Monday, 20 July 2015


A Way Out would not be the organization it is today without willing volunteers.

With this continued support A Way Out has not only been able to develop the work of our projects, but has also developed our volunteer expertise, in fact A Way Out has won awards for delivery of volunteer training and just last month one of our volunteers won an external award for her endeavours in volunteering.
The journey of an A Way Out volunteer often commences with initial contact with the organization either:

·          Via our website or social media
·          By reading our monthly gazette column
·          By attending an event or church service featuring the work of A Way Out
·          Through contact with one of the local universities
·          Or by word of mouth, inspired by an existing volunteer

Potential volunteers are requested to undertake our comprehensive training course, having the option to apply for accreditation via the awarding body ONE AWARDS.
Once trained and DBS checked the volunteer is ready to go! 

They can help out in many ways:
·        work alongside our Women’s team during our drop-in and outreach
·        support our Youth Team at the weekly RELOAD sessions
·        pack food parcels
·        help out on Reception
·        or give a hand in the Cave cafĂ© with the local Sandwich round.

Some volunteers stay with us for a while and then move on, others stay around for much longer…An example of this is one of our Women’s Project volunteers who has now almost completed her medical training, yet still travels from her home in Durham each week to assist the team with evening outreach.  This offers valuable consistency in the lives of the women with whom we work.

There are two amazing gentlemen who arrive like clockwork early on Monday mornings to pack 30-40 food parcels for our drop in for vulnerable women. One of these gentlemen has volunteered with A Way Out for the last 5 years and travels in to Stockton from Sedgefield on public transport each week. 

The dedication of these two gentlemen, along with the rest of our volunteers is so very valuable and goes to prove that – “Volunteers are unpaid – not because they are worthless, but because they are priceless!”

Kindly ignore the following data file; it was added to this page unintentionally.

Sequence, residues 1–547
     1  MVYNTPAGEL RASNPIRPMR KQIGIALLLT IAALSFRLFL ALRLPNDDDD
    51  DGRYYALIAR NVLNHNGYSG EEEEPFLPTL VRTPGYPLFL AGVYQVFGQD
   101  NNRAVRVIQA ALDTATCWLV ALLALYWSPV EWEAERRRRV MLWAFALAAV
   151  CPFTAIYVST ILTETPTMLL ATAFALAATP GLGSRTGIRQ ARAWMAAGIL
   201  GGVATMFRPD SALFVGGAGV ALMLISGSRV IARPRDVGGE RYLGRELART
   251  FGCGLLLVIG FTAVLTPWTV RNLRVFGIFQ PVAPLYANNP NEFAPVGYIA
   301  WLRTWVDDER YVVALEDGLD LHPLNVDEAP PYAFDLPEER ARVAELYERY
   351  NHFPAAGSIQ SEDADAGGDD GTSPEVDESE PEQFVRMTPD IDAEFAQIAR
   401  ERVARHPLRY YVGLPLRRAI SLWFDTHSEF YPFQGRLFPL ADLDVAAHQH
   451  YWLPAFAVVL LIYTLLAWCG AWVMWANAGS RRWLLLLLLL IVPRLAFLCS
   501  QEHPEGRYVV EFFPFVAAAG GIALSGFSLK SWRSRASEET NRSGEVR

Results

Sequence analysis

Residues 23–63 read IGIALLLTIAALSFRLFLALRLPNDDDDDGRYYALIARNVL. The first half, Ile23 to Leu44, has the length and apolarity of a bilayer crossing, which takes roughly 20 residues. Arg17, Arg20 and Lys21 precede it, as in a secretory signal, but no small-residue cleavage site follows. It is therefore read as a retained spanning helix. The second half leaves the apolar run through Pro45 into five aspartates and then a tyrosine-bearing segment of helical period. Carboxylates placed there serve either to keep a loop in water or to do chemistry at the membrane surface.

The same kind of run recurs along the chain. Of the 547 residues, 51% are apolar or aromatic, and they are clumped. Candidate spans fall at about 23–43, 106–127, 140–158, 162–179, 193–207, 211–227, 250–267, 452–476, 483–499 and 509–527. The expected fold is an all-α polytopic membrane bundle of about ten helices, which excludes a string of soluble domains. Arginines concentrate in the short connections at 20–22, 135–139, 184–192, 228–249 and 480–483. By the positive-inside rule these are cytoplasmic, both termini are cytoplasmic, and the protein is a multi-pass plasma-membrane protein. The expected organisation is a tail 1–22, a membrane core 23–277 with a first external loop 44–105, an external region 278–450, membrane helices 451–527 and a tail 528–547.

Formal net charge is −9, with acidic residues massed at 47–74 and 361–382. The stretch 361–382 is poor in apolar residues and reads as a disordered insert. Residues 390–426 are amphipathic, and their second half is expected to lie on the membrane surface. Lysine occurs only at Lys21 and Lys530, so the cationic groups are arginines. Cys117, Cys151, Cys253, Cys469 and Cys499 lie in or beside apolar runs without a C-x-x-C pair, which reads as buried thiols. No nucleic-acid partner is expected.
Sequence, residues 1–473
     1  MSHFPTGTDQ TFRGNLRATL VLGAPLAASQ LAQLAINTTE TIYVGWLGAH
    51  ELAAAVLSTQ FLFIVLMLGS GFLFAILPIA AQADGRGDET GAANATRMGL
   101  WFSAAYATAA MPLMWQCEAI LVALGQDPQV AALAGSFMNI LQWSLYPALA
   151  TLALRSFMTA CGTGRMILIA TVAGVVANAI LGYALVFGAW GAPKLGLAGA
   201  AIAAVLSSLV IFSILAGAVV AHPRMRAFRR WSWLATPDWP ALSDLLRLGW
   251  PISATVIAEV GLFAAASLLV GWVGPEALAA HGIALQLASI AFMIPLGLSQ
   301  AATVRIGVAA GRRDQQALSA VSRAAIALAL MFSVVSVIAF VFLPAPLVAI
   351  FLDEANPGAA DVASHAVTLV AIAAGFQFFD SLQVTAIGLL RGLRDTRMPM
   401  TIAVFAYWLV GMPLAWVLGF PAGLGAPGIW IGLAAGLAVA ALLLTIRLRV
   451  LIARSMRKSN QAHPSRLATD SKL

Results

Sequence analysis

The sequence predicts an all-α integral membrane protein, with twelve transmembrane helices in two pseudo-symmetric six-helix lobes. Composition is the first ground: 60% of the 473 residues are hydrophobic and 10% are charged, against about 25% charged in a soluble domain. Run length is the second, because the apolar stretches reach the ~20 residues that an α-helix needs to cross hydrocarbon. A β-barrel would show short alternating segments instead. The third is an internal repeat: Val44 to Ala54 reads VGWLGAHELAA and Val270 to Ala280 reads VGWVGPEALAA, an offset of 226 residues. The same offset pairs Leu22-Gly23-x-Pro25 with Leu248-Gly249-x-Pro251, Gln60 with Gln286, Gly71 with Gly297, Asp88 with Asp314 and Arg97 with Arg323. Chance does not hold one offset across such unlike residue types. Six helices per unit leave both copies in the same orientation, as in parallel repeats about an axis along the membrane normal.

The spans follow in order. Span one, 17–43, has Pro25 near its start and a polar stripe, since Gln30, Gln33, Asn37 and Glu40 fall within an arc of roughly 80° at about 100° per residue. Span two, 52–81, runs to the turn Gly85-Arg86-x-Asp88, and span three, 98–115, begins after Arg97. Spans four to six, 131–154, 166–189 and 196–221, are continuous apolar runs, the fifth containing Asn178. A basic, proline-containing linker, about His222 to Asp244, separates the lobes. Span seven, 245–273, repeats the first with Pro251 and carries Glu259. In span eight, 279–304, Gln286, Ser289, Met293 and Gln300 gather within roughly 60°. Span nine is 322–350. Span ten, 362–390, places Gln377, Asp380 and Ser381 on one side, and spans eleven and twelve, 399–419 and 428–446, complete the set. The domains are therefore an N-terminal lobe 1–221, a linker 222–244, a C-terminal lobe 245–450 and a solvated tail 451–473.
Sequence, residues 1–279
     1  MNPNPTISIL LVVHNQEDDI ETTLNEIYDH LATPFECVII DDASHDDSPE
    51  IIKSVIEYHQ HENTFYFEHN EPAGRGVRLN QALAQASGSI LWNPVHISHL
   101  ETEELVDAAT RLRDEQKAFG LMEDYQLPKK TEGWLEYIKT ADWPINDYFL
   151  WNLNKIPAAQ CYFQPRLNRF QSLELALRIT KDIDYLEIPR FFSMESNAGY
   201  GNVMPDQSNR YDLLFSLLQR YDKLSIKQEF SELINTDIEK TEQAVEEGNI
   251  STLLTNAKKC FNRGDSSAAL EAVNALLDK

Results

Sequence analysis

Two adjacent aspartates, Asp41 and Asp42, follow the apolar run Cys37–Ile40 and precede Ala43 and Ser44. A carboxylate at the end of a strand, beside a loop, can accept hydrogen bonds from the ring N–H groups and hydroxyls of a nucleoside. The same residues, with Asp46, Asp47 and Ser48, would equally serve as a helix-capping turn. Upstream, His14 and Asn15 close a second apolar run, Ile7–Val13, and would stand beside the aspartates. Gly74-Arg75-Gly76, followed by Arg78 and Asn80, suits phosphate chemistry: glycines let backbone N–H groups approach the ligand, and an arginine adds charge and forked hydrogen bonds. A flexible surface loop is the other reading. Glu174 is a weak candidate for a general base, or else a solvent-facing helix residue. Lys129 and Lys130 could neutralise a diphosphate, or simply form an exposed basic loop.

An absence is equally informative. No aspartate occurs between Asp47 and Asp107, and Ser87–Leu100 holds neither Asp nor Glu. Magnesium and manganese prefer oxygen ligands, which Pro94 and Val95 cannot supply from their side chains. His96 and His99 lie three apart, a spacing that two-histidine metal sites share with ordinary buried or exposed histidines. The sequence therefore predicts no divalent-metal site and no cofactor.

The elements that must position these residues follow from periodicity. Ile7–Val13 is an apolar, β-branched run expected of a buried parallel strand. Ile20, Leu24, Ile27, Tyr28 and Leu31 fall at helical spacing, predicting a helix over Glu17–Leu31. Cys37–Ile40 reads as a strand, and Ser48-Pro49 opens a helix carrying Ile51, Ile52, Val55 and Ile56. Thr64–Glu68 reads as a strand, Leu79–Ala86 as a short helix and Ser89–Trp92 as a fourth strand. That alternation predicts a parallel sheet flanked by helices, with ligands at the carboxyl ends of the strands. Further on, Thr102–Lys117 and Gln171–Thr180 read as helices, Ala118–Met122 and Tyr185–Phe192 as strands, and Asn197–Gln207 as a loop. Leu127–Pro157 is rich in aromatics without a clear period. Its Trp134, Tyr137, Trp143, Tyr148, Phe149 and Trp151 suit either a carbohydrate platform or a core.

Wednesday, 15 July 2015

A Lunch Out with A Way Out

The past few months have been really exciting time for A Way Out. 

On 30th June A Way Out hosted ‘A Lunch Out with A Way Out’, an event attended by many of our major stakeholders and partner organisations.  The event mattered because we wanted to say thank you for all that had gone before, and to let everyone know that A Way Out remains committed to going the extra mile for all of the vulnerable women and young people with whom we work.

At the event, held in the centre of Stockton, we were able to present information about our work; the heart of A Way Out, the heart of our staff and volunteers, and the heart of our Trustees and our heart for continued commitment.  For well over a decade now we have done all we can to bring love, hope and freedom to vulnerable and at risk women, young people and families in Stockton on Tees, striving to see them living healthy, whole and safe lives, free from addiction, poverty and exploitation. And we know how much this matters.

From our guests we received very positive responses to the presentations. ..

“I hadn't realised what a 'substantial and serious organisation', AWO was”
“I knew that A Way Out worked with women but I had no idea how and didn't realise that the organisation worked with youth and families.”
“One of the things I picked up on was the 'quality' of the Senior Management Team, to me this denotes what a professional organisation A Way Out is.”
The ethos of A Way Out was described by one guest as “beautifully sensitive”
We also took the opportunity to talk about our about our heart for the future of the organisation. 
One exceptional and important part of our future journey is our achievement in being one of the winners of the Weston Charity Awards.  This prestigious award makes A Way Out one of only 12 successful organisations across the whole of the North of England working in the areas of youth, welfare and community.  The award will enable A Way Out to work with a team of senior business leaders through the organisation Pilotlight, which has been bringing together top business talent with charities of over ten years.  

The Garfield Weston Foundation’s Director, Philippa Charles, said:
“We’ve had an amazing response from charities across the North which are tackling some of the toughest challenges such as youth unemployment, mental health issues and homelessness. The twelve winning charities are not only doing great work but are ambitious with their plans - we are looking forward to supporting them to achieve their goals.”

Pilotlight’s chief executive, Gillian Murray, says: “Charities are telling us that they need support to plan for the future. Many have been hit by funding cuts and changes in the way their services are being contracted. By bringing together charity chief executives with dynamic business leaders we know these charities will benefit and become more sustainable as a result.”


On a sunny and rather warm Thursday back in April, I was interviewed for the post of Communications Facilitator at A Way Out. Thankfully, and rather obviously given I am writing this, they offered me the job.

Starting anything new brings with it a tangle of nerves, but I’ll be honest that perhaps I came to this with just a hint of smug self-confidence. I believed I could do the job. I know words and can string them together, and I knew quite a bit about A Way Out through some previous interactions with the organisation.